Now, imagine this. Imagine that instead of throwing a temper tantrum and playing games, the people we elected to represent us took it upon themselves to try to fix some of the problems with Obamacare. Imagine that they said to themselves: We tried to stop it, but that didn't work, and then we lost the election. So now it's our job to make it work as well as possible, because that would be in the best interests of the people we represent. Instead of being sore losers, we should do our jobs.
I know. It's a fantasy, expecting these members of Congress to behave like grownups instead of spoiled brats.
Dear John: Enough is enough. Grow up or go.
(Susan Estrich is a professor of Law and Political Science at the University of Southern California Law Center. A best-selling author, lawyer and politician, as well as a teacher, she first gained national prominence as national campaign manager for Dukakis for President in 1988.)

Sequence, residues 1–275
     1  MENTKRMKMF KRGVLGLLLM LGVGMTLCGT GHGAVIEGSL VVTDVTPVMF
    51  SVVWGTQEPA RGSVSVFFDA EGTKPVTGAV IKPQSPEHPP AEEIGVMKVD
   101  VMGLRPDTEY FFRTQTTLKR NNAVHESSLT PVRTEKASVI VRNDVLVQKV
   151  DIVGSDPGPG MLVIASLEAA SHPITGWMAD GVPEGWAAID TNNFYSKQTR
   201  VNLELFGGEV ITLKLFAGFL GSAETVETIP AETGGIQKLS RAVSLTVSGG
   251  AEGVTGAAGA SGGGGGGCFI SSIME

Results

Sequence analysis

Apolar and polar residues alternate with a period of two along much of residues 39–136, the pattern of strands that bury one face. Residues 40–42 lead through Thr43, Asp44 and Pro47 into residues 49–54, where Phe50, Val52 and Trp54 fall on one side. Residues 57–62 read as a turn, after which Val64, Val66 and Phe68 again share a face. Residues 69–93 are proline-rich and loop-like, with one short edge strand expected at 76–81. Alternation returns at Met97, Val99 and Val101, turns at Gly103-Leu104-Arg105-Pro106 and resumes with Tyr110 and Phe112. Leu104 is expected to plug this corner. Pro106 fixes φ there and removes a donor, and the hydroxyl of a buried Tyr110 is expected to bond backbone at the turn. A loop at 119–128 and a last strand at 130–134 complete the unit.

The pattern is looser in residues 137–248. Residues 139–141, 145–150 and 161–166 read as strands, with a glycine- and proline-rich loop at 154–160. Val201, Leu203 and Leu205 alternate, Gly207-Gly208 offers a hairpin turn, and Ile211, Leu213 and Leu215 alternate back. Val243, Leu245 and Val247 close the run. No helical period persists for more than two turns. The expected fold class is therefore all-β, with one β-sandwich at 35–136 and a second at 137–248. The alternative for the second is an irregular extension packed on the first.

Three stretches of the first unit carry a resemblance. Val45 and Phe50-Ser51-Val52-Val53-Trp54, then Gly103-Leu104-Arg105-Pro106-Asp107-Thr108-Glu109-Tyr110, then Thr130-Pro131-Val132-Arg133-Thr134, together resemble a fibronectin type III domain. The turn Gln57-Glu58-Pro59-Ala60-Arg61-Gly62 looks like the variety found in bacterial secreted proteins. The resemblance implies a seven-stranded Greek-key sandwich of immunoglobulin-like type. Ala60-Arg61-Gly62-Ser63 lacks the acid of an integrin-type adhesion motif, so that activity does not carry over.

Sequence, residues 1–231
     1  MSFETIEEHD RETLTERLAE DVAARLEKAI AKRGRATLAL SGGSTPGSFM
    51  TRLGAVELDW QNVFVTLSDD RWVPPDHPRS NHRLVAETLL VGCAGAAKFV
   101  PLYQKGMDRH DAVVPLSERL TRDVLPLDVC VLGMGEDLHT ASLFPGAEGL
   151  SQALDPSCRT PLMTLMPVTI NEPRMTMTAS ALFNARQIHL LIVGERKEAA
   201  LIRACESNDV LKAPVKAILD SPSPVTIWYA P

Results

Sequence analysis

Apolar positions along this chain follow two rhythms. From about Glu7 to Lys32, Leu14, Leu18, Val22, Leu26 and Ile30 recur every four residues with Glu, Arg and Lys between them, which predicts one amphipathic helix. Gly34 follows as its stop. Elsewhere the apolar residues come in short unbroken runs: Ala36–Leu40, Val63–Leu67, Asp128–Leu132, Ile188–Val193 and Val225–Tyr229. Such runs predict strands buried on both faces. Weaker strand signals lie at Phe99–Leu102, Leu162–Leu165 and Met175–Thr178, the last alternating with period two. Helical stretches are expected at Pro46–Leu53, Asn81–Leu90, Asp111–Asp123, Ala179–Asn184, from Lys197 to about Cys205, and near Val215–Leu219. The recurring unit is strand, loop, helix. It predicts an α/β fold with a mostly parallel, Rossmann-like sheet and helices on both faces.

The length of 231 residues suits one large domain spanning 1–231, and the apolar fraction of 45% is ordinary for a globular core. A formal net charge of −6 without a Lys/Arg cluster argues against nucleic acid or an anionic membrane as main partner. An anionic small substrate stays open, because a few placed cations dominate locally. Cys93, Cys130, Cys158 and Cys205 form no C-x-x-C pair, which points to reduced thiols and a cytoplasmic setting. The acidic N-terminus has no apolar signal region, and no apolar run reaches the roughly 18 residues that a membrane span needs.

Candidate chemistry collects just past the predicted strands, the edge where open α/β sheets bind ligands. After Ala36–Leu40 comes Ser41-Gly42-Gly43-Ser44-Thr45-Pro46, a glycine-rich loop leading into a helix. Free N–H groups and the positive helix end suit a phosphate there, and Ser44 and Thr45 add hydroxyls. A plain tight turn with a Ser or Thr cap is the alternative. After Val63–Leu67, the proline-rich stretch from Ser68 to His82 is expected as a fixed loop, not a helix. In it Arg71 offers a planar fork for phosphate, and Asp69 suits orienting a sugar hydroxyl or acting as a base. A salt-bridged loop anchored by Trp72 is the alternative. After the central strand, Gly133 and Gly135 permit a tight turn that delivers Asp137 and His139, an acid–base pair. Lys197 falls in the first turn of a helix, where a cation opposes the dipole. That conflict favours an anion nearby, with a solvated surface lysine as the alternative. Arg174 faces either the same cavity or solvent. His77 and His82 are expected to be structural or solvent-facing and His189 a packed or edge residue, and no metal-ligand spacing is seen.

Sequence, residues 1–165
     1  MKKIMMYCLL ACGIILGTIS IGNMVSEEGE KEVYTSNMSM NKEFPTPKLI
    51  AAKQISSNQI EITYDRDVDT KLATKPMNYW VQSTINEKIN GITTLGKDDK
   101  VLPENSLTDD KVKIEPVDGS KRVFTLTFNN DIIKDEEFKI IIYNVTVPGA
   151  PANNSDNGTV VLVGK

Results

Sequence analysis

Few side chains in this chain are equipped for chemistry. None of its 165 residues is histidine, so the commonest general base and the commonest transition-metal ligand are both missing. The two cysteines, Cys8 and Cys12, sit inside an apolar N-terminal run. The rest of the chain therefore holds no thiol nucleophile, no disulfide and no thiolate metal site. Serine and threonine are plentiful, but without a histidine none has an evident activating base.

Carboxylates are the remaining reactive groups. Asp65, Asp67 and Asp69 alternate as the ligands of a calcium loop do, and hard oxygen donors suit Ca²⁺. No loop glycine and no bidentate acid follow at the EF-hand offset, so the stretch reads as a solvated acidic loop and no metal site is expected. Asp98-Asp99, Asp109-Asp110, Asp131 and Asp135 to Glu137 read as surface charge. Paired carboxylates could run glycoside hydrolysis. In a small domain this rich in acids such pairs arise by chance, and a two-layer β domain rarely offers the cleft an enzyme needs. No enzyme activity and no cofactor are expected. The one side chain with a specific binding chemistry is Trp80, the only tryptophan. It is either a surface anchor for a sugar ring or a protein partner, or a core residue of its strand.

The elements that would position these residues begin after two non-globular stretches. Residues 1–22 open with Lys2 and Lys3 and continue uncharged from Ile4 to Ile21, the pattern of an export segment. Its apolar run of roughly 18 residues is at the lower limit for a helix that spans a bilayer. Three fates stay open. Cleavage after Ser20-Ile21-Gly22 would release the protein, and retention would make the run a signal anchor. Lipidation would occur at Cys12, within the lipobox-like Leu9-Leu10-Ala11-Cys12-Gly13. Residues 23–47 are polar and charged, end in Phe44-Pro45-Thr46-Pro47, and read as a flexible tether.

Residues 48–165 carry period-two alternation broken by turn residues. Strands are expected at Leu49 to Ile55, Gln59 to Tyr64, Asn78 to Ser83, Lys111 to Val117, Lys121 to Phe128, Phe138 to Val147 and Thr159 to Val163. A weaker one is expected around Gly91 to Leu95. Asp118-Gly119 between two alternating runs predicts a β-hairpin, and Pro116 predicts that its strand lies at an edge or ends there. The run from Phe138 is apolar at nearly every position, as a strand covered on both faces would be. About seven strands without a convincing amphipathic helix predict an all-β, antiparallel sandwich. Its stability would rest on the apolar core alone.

Last Updated on Wednesday, 31 December 1969 07:00
The problem was caused by James Madison. And by the 39 other men who signed the Constitution in 1787.
The problem, of course, is the government shutdown. It was caused because the Framers of the Constitution wisely provided for separation of powers among the three branches of government. The president would faithfully execute the laws and be commander in chief of the military, but both houses of Congress would have to approve of every penny the government could spend.
In the early republic, it was widely assumed that presidents could veto legislation only it was deemed unconstitutional. Disagreeing with policy was not enough. That changed after Andrew Jackson vetoed the recharter of the Second Bank of the United States in 1832 and was promptly re-elected. Jackson claimed to act on constitutional grounds, but it came to be understood that presidents could veto laws they disagreed with.
That understanding, together with the constitutional structure, imposes something like a duty of consultation between the president and members of Congress. Otherwise — and you may have heard about this — the government will have to shut down.